For my next book, I decided to tackle the final instalment of Anthony Powell’s A Dance to the Music of Time series: the wonderfully named novel, Hearing Secret Harmonies.

Hearing Secret Harmonies by Anthony Powell

And so, nearly five years after beginning this series, and having read 12 novels, each typically around 250-300 pages (totalling over one million words), I have now finished this vast and impressive work.

In keeping with one of the themes of the series – namely how chance encounters can end up having a profound impact on one’s life – I have been reflecting on how I came to read these books in the first place. It was the summer of 2010, and I was on holiday in Cornwall with my wife and some good friends. One day we decided to visit Truro, and whilst there I wandered past a second-hand book shop, and decided to have a nose around. Whilst browsing the shelves, and I spotted this series, and having heard of it and knowing that it chronicled the lives of a set of English characters from their school days right through to old age, I decided that I’d like to read it for myself.

In actual fact, there were only nine of the 12 books on display, but the second-hand book shop owner thought that she might have the others in her warehouse, so said that she would look, and advised me to come back the following day. Sadly, when I did return, she had been unable to locate the missing three novels, but I bought the nine that she did have, and was later able to source the missing instalments in the same edition by searching online. Anyway, I guess that my point here is that I did not specifically set out to buy these novels, but I happened to come across them, and that chance encounter has resulted in me spending a considerable amount of time over the last five years absorbed in the world that Anthony Powell depicts in his series.

There seems little point in me reviewing this last instalment specifically, as that would presumably be of little interest to anyone who has not read the other books, but I will, very briefly, mention a few things about the series as a whole. For those who might know nothing about Anthony Powell or this, his most famous work, here is a succinct summary that I found in The Paris Review:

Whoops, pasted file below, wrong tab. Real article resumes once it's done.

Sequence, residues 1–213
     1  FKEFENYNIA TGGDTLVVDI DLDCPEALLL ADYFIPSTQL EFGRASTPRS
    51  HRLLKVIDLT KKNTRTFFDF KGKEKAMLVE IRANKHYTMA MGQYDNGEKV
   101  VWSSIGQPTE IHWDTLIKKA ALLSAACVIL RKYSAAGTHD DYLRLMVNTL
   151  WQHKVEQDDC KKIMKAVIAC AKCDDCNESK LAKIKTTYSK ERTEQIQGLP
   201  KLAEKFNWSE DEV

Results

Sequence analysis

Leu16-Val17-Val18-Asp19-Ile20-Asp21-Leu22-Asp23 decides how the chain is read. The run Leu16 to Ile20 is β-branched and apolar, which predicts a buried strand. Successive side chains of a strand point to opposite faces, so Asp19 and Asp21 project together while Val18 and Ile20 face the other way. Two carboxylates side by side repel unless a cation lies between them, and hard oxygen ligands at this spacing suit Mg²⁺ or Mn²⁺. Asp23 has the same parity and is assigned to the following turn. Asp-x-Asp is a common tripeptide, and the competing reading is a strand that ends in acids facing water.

…the twelve volumes of A Dance to the Music of Time cover some fifty years in the life of Nick Jenkins, who is, like Powell himself, a well-connected author and man of letters. But the novel is less about Jenkins than the metropolitan circles he inhabits. These circles overlap, so that men of action, socialites and artistic types are thrown together… Observing the way these contradictory social groupings intertwine, and the bizarre human gyrations that result, Jenkins discerns a pattern dictated by the rhythm of life — hence the theme of the novel, which is that its characters, like the four seasons in Poussin’s painting, are all engaged in a ritual dance to the music of time.

(Source: Anthony Powell, The Art of Fiction,  published in The Paris Review)

The series as a whole can be split into four distinct groups, each consisting of three novels, and these groups are often referred to by the names of the four seasons: spring, summer, autumn, and winter. This comparison is apt, in that the series does chronicle the lives of a set of characters from their youth (spring), through early adulthood (summer), then into middle age (autumn), and eventually into old age (winter).

As I have noted in previous posts, there is surprisingly little in the way of “action” – or, to put it another way – what action there is often takes place off stage. Rather, each novel tends to detail just four or five key social scenes, with the narrator, Nick Jenkins, reflecting at some length on the significance of such scenes. Jenkins is undoubtedly an artist and an intellectual, so there are many philosophical musings and also plenty of references to classical art and culture. In this respect, reading this series offers you quite a different experience than you get from reading most single novels. Here, it is the overall panoramic view that is arresting, rather than the pace or the excitement of plot.

It is not what happens to people that is significant, but what they think happens to them.

I have enjoyed reading these novels, probably most of all for the way that they chronicle a class of people and a way of life that is now no longer in existence in modern Britain. I have enjoyed becoming acquainted with the broad cast of highly eccentric characters, and seeing how their stories and their interwoven relationships pan out over the years. The world of A Dance to the Music of Time is peopled by members of the aristocracy and socialites, but also artists, writers, and musicians. Then there are the men of will and power: the business barons, the military figures, and the politicians. Many of the characters are to some degree absurd, but each in their own unique ways.

If you are interested in reading the series yourself, sampling the first novel would give you a good taste of what this literary epic is like. It would certainly not be to everyone’s liking, but I for one am glad to have read it (although I chose not to read each instalment back-to-back). Here is a list of the novels that make up the A Dance to the Music of Time series:

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